February is Children’s Dental Health Month and is a good time to remind parents about the importance of early childhood dental visits and establishing an oral hygiene routine at a young age.
Did you know decay can occur as soon as teeth appear? Tooth decay impacts more than oral health. Bacteria in the mouth can also spread to the body and eventually contribute to heart disease, stroke and more.
A healthy smile means a happy and healthy child. Oral health tips for parents include:
1. Establish a dental relationship early. Schedule a dental visit for your child within six months of the first tooth eruption or by your child’s first birthday.
2. Limit bottles at bedtime to ONLY water. Napping or sleeping with juice or milk can cause childhood decay due to sugars from the liquids staying in direct contact with the teeth for prolonged periods.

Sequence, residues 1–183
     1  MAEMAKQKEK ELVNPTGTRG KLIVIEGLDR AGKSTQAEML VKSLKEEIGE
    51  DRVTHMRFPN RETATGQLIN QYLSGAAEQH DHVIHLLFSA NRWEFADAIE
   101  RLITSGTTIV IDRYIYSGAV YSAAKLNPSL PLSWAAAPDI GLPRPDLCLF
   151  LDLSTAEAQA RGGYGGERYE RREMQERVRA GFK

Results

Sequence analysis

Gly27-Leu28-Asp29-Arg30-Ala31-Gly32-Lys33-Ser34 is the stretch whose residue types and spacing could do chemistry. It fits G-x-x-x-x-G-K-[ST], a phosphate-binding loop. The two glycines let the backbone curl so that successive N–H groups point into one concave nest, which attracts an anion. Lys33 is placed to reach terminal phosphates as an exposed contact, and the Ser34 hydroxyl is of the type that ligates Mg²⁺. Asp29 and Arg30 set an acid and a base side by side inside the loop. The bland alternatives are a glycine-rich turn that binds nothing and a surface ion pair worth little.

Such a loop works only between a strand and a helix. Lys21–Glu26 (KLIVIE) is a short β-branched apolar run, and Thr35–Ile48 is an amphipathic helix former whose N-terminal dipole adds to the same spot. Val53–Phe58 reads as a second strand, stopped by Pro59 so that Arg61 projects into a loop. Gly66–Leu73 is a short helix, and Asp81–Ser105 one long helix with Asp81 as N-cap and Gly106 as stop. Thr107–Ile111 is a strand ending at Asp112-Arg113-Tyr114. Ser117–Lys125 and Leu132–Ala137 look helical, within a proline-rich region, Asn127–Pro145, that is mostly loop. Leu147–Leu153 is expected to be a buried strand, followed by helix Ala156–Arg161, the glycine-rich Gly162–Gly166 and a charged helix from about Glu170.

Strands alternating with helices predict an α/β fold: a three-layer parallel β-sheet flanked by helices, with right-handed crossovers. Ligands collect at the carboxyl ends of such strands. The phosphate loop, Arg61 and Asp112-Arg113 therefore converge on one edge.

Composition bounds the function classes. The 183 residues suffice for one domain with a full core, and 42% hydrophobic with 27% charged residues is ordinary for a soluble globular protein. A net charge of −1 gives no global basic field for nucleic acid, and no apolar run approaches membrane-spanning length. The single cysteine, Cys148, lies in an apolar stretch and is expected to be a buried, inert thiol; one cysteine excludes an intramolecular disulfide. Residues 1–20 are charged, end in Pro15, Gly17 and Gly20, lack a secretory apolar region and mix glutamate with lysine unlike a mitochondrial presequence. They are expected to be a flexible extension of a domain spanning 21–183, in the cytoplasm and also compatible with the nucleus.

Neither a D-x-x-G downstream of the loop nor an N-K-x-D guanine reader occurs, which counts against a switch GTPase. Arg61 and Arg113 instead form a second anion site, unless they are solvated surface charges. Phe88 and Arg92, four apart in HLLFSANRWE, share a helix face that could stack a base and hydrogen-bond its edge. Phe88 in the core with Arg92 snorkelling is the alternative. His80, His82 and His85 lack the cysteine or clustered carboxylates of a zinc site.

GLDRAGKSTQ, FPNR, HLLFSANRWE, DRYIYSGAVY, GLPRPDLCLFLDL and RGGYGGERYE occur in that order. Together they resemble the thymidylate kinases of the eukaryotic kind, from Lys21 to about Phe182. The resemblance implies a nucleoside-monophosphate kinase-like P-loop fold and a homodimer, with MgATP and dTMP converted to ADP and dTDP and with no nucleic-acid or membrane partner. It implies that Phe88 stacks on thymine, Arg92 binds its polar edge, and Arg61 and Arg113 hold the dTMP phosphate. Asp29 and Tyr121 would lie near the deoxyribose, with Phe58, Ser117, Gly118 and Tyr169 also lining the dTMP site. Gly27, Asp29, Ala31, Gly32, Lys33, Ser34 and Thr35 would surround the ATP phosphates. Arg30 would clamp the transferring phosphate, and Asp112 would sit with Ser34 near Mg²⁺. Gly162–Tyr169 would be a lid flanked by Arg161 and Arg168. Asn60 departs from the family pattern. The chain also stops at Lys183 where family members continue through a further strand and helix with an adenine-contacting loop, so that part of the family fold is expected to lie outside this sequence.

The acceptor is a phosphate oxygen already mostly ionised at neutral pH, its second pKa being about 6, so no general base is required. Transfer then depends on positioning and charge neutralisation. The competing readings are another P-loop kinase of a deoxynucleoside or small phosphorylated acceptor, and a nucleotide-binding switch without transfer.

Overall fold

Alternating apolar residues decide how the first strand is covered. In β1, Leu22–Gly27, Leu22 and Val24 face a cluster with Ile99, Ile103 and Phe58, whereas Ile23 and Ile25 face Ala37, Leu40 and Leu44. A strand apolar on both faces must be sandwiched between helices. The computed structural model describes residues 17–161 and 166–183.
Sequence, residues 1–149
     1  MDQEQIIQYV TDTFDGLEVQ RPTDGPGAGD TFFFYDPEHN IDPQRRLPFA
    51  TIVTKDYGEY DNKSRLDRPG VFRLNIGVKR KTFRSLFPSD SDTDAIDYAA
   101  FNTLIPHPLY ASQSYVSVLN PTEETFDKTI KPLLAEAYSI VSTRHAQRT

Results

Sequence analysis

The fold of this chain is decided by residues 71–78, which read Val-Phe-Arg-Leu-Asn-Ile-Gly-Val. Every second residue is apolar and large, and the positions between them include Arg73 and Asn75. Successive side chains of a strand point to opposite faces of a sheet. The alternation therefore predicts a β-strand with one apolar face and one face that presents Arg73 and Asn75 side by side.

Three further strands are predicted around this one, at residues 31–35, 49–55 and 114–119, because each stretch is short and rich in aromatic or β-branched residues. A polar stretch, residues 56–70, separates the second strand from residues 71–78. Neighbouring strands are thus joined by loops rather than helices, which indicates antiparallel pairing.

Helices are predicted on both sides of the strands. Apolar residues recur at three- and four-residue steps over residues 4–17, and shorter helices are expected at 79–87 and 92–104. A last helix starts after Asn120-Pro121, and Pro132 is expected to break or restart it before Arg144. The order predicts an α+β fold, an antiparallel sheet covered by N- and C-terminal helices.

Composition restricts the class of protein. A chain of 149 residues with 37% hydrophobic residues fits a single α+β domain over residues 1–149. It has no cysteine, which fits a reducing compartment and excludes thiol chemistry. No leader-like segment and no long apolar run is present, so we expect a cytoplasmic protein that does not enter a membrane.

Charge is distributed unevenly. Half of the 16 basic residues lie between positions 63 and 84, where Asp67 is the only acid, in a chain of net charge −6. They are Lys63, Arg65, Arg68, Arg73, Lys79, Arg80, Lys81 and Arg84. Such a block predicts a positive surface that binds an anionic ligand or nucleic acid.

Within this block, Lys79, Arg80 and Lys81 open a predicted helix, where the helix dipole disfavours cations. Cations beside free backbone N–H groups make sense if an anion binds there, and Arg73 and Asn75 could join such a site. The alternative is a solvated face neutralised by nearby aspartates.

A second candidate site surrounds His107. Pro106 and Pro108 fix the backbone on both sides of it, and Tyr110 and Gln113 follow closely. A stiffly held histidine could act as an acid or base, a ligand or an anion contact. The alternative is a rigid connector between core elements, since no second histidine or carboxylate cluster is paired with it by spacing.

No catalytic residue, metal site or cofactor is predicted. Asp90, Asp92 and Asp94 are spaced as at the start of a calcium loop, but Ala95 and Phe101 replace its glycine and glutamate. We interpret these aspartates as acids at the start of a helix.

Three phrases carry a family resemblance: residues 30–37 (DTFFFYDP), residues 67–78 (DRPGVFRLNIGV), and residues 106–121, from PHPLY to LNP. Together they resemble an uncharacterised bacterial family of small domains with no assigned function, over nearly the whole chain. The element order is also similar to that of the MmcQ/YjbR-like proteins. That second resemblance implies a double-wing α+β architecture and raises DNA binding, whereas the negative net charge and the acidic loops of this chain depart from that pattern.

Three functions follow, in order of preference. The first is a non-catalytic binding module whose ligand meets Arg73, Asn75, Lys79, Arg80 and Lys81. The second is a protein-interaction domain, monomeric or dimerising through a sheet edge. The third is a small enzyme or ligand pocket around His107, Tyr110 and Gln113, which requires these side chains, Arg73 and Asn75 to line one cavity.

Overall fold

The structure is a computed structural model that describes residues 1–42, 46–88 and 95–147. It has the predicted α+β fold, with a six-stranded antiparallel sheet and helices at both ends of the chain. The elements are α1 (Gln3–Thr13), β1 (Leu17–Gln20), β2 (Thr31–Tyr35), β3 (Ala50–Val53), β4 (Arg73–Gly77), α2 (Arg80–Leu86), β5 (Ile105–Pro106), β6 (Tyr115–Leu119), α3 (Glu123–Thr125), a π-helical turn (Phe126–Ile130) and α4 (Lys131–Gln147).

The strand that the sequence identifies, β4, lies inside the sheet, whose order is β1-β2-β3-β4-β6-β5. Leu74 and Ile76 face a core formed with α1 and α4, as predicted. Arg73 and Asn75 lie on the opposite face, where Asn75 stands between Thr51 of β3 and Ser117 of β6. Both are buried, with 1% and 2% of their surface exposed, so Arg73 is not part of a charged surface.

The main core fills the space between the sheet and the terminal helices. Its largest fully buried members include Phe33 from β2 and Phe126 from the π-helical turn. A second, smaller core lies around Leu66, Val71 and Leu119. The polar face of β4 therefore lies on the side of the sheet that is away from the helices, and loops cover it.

3. Clean pacifiers properly. Cavity-causing bacteria can be passed to children from adults. Do not clean pacifiers or utensils with your own mouth and then give them to children.
4. Clean gums while teeth are erupting. Baby teeth are at risk for decay as soon as they appear.
5. Prevent bad habits. Thumb-sucking and pacifiers after age two can create crowded, crooked teeth or bite problems.
6. Play it safe. If your child plays a sport, make sure they wear a mouthguard. Mouthguards can help prevent injury to the jaw, mouth and teeth, and are significantly less expensive than the cost to repair an injury.
7. Select healthier treats. Avoid giving your child treats that are sour (high in acidity, which erodes tooth enamel), sticky or chewy (leaves sugars directly on the teeth for prolonged periods). Healthier snack options include cereal bars, pretzels or granola bars.
If left untreated, even at the earliest stages of life, tooth decay can have serious implications for a child’s long-term health.
It’s never too early to establish good dental hygiene habits, which can contribute to a long and healthy life for both you and your children. Contact your dentist for more information.